In the United States, we recently launched the National Breast Implant Registry, which allows us to continue to track implants more carefully,” says Dr. Pusic. “The plastic surgery community is putting a lot of resources into this.
There won’t likely be one “Aha!” moment from one study, but rather various studies that will provide different pieces of the puzzle, she says. The same was true of the investigations into ALCL; researchers had to test various theories before they realized that it was likely the texture of the implants that was linked to the increased incidence of ALCL, says Dr. Pusic.
Board-certified plastic surgeons, along with the American Society of Plastic Surgeons, have always endeavored to help women understand both the risks and benefits of breast implants. Moving forward, we hope to do this even better,” she says. “It may turn out that women with certain risk factors might not be good candidates for implants, while other women are.”
New York’s coronavirus death toll topped 10,000 even as the absence of fresh hotspots in the U.S. or elsewhere in the world yielded a ray of optimism in global efforts against the disease, though a return to normal was unlikely anytime soon.
Officials around the world worried that halting the quarantine and social distancing behaviors could easily undo the hard-earned progress. Still, there were signs that countries were looking in that direction. Spain permitted some workers to return to their jobs, a hard-hit region of Italy loosened its lockdown restrictions and grim predictions of a virus that would move with equal ferocity from New York to other parts of America had not yet materialized.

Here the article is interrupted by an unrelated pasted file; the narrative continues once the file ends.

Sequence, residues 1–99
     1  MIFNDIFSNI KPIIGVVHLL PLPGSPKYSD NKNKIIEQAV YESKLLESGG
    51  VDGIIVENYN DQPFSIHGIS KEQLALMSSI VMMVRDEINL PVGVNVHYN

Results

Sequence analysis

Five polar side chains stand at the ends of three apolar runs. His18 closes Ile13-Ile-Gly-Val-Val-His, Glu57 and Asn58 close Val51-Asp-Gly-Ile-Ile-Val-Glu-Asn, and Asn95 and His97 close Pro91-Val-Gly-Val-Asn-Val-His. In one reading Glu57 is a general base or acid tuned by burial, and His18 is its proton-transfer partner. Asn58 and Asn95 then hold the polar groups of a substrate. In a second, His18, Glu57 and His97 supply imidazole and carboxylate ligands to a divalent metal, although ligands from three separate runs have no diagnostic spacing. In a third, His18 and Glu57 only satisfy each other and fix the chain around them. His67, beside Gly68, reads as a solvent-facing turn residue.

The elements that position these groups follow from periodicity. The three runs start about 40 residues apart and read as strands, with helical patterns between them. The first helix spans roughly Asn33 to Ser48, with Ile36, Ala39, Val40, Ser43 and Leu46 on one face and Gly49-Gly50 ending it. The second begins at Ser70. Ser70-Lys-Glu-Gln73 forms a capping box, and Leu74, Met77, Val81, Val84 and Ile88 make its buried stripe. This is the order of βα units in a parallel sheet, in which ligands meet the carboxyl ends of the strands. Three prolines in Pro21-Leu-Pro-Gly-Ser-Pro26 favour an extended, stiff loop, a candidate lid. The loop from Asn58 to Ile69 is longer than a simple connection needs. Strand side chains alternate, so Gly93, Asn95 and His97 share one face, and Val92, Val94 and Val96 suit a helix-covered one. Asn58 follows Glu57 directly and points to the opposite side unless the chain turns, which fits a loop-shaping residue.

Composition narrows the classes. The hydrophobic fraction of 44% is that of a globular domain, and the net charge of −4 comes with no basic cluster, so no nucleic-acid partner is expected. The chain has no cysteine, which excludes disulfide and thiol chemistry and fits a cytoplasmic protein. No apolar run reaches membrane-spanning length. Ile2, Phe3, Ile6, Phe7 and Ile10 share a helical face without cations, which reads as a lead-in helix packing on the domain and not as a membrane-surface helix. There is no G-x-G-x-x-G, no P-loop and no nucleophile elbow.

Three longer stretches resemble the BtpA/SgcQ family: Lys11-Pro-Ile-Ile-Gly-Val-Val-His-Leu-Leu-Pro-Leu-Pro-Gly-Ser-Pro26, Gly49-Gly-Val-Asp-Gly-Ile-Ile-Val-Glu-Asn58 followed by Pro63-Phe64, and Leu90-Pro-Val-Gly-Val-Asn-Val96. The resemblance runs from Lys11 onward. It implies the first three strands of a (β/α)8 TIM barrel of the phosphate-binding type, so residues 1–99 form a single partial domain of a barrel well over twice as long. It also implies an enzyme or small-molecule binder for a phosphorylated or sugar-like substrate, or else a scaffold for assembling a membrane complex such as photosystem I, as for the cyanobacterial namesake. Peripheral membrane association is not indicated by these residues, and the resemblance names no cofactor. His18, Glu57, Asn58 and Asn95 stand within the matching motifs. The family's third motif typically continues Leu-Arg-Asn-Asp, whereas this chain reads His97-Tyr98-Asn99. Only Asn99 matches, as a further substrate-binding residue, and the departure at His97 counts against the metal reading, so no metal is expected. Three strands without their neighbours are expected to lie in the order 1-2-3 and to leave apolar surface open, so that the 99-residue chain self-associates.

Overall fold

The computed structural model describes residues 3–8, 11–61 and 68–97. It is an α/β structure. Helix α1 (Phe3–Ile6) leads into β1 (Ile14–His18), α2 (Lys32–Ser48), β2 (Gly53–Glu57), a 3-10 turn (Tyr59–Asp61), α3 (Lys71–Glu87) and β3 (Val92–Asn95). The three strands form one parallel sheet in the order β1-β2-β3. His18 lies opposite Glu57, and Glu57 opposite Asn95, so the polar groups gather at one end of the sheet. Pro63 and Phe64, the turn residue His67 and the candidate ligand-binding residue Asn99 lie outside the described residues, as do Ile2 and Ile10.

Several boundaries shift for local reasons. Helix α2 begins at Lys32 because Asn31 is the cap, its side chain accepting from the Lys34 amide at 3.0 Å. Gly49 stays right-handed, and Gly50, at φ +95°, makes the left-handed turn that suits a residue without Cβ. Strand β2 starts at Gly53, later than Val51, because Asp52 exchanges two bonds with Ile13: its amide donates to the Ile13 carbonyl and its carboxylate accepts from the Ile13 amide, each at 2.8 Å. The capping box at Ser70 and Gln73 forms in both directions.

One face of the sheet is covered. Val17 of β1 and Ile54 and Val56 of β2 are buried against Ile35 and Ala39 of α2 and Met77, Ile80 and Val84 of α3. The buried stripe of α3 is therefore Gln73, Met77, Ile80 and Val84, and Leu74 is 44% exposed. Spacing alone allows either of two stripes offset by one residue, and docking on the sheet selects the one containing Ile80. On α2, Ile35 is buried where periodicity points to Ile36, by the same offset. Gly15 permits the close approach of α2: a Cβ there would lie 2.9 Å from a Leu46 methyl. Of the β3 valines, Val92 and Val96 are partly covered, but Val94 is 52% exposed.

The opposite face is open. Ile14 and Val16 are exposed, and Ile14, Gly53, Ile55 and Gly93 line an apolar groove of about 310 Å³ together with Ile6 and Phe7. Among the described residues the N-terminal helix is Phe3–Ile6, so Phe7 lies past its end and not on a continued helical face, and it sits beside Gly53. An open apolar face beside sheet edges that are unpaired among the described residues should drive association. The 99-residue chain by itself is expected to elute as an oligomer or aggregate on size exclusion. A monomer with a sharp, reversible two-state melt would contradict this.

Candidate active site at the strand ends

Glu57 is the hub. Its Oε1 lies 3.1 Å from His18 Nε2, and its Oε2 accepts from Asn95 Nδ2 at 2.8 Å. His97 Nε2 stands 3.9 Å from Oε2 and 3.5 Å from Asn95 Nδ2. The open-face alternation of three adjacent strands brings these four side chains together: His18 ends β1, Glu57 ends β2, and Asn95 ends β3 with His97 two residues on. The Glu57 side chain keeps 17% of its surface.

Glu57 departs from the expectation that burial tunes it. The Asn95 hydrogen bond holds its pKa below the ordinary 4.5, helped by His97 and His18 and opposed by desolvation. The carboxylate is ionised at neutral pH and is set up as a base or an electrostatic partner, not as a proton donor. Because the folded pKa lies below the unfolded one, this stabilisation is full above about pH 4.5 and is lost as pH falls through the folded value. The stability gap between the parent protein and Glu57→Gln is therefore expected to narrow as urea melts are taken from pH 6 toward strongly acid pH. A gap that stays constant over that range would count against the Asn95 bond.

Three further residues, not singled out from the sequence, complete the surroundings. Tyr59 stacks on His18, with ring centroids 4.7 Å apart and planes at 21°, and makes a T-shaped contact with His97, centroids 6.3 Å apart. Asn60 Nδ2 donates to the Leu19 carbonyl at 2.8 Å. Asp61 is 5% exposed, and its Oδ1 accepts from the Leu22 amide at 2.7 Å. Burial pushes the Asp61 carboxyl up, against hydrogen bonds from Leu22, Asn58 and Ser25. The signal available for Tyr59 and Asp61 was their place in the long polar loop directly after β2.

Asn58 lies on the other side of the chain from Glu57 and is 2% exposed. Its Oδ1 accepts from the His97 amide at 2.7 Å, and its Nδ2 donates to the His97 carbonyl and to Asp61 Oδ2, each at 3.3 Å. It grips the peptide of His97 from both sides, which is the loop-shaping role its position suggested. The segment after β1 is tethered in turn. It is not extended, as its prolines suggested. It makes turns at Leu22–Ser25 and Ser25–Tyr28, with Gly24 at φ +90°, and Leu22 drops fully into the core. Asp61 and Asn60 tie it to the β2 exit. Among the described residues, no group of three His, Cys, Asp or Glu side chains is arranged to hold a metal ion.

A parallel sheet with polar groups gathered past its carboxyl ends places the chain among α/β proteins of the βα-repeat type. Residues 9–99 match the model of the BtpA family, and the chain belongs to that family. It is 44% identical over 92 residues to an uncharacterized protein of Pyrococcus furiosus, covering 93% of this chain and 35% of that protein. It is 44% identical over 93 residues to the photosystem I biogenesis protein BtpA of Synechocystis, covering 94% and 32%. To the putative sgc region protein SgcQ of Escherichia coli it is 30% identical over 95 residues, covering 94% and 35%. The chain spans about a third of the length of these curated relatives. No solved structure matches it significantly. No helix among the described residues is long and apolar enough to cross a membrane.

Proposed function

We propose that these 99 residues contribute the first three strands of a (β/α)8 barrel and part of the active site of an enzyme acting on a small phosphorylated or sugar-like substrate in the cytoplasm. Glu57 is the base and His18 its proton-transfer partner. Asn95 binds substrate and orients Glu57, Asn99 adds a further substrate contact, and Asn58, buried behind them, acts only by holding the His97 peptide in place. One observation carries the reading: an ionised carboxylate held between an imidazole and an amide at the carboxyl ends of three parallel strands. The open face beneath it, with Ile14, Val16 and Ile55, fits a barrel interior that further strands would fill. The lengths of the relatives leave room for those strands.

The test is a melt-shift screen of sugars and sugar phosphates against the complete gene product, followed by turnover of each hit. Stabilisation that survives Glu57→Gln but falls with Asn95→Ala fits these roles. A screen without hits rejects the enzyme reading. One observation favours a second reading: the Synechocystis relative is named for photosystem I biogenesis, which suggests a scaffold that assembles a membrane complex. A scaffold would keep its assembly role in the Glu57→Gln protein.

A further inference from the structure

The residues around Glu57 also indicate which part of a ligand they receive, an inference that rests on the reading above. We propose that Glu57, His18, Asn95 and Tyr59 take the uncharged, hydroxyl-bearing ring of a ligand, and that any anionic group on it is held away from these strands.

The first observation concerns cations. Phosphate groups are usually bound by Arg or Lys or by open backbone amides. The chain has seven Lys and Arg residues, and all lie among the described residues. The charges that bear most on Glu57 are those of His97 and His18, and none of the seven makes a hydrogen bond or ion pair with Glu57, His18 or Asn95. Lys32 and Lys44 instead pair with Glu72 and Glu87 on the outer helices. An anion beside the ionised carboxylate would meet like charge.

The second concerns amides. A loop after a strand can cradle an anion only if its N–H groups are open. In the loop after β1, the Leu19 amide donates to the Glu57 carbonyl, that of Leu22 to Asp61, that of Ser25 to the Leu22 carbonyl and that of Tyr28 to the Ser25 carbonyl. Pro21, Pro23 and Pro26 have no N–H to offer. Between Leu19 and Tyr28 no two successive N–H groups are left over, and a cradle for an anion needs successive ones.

New York’s state’s 671 new deaths marked the first time in a week that the daily toll dipped below 700. Almost 2,000 people were newly hospitalized with the virus Sunday, though once discharges and deaths are accounted for the number of people hospitalized has flattened to just under 19,000.
This virus is very good at what it does. It is a killer, Gov. Andrew Cuomo said during.
As the coronavirus throws millions out of work and devastates economies worldwide, governments are struggling with the delicate balance between keeping people safe from a highly contagious disease and making sure they can still make a living or have enough to eat.
Workers in some nonessential industries returned to their jobs Monday in Spain, one of the hardest hit countries in the pandemic, while in South Korea officials were warning that hard-earned progress fighting the virus could be eroded by new infections as restrictions ease.